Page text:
Economic damages for an amputation injury can include:
- The cost of past and future medical treatment and care
- In-home and long-term nursing care
- The cost of personal care and assistance with household chores
- Prosthetics and medical devices
- Loss of income and benefits
- Modifications to homes and vehicles
- Physical therapy and rehabilitation
- Cosmetic surgery
- Future lost wages and a reduction in earning capacity
- Out-of-pocket expenses and costs
The monetary damages for a catastrophic injury can total millions of dollars over a person’s lifetime. However, that money does not begin to compensate them for their pain and suffering.
Non-economic damages for an amputation injury can include:
- Physical pain and suffering
- Disfigurement and scarring
- Mental anguish and trauma
- Loss of enjoyment of life
- Emotional distress, including PTSD, anxiety, depression, and grief
- Permanent disabilities and impairments
- Diminished quality of life
In some cases, an amputee might be entitled to punitive damages. However, these damages do not compensate the amputee for losses. Instead, a jury awards punitive damages to punish the at-fault party for egregious conduct.
An experienced Fort Walton Beach amputation injury attorney will pursue all forms of compensation for your injury claim. No amount of money will undo the tragedy that has happened to you, but a fair settlement amount provides you with the funds you need as you move forward with your life.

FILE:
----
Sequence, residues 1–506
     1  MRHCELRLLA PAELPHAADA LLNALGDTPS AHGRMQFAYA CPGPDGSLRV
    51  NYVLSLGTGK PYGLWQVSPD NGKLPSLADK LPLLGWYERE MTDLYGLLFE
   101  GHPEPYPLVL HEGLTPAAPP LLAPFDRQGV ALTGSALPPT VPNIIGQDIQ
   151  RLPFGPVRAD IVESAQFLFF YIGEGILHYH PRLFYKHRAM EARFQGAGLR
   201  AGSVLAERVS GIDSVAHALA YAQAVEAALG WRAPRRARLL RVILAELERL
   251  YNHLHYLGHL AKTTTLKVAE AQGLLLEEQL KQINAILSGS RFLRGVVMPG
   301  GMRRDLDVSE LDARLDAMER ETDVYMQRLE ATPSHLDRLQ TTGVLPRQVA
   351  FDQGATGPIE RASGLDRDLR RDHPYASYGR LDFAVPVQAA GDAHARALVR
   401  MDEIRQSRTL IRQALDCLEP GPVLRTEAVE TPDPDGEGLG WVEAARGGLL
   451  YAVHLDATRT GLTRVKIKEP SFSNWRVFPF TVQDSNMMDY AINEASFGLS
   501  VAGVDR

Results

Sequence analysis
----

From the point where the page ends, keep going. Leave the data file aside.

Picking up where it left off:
How Do I Prove Fault in an Amputation Injury Claim?
Most amputation injury claims are based on negligence. The person who caused your injury owed you a duty of care. The person breached their duty of care, causing you to be injured and to sustain damages.
You have the burden of proving your claim by a preponderance of the evidence. Furthermore, if you are partially to blame for the cause of your injury, your compensation could be reduced under Florida’s pure comparative fault laws.
Amputation injury claims are complex personal injury cases. The at-fault party and insurance company will likely aggressively fight to avoid liability for the claim.
What Is the Deadline for Filing an Amputation Injury Claim in Florida?
The Florida statutes of limitations set deadlines for filing civil claims. For most personal injury claims, the deadline to file a lawsuit is four years from the date of injury. This deadline includes most cases involving traffic accidents, construction accidents, defective products, premises liability, and boating accidents.
However, claims for medical malpractice typically must be filed within two years from the malpractice date. That deadline could be extended in some cases up to four years.
There could be other exceptions to the statute of limitations for amputation injury claims. The best way to avoid missing a filing deadline is to seek legal advice from an experienced Fort Walton Beach amputation injury lawyer as soon as possible.
Schedule a Free Consultation With Our Fort Walton Beach Personal Injury Lawyers To Discuss Your Amputation Injury
An amputation injury can cause a lifetime of suffering and financial losses. Contact our law office to schedule a free case evaluation with our Fort Walton Beach personal injury attorneys at (850) 863-5297. Let Brannon & Brannon Personal Injury Attorneys fight to get you the compensation you need and deserve.